It does not take consumers long to realize that reducing energy use means they must do something. They might have to buy new appliances. They might need to add attic insulation or, as we did in the ’70s, put on a sweater. A smart meter is like the scale in a weight-loss program. Used daily, it helps gauge progress. It can motivate. But only consumers can reduce energy use.
Rule Two: Be Realistic About Pilot Results
It can be perilous to gloss over unfavorable results from smart metering pilots or exaggerate the positives.
Initially, few consumers read the fine print in a utility’s hundred-page pilot report. But at some point, some enterprising reporter discovered that, for instance:
- Year-over-year “savings” resulted from a decline in electricity prices during the recession,
- Consumers would “recommend the program to their friends” because they got freebies such as smart thermostats or $50 “survey completion” bonuses, freebies that would not be typical in a mass smart metering deployment,
- Results included only participants who remained in the program for its duration, not those who dropped out because they found they were paying more than they expected, and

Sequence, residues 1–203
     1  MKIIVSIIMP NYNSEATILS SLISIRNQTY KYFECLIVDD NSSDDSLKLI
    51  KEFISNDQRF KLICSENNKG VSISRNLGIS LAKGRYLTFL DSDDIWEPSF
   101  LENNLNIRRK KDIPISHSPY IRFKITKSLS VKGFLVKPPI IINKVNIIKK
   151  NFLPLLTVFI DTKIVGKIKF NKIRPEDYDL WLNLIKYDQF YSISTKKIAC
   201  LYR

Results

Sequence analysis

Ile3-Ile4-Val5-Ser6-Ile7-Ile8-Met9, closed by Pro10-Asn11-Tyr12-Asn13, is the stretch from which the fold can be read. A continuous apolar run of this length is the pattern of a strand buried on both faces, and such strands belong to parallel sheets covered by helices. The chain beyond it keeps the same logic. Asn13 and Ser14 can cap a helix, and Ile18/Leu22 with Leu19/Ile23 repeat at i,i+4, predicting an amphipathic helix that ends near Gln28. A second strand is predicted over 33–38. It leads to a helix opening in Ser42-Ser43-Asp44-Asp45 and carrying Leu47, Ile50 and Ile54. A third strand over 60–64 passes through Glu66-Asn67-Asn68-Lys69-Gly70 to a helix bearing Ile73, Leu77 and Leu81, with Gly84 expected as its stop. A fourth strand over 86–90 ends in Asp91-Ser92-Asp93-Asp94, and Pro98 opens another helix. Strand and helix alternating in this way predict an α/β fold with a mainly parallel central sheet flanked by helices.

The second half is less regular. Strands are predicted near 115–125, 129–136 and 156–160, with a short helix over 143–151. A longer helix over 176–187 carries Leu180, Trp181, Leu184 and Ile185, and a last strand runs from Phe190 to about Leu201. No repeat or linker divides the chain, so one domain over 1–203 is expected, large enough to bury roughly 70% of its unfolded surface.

- “Success” equals favorable responses to “Do you believe you saved energy during the pilot?” not on a measure of whether consumers used less than in previous years or similar neighbors.
Consumer disappointment when their results do not match expectations is a sure prelude to backlash.
Rule Three: Anticipate Utilities, Consumers Will Have Different Points of View; Reconciliation, However Necessary, Might be Painful
Months ago, Oracle’s Smart Grid Challenges & Choices survey asked utility executives about their primary smart grid implementation concerns. Forty-three percent cited customer reaction to costs.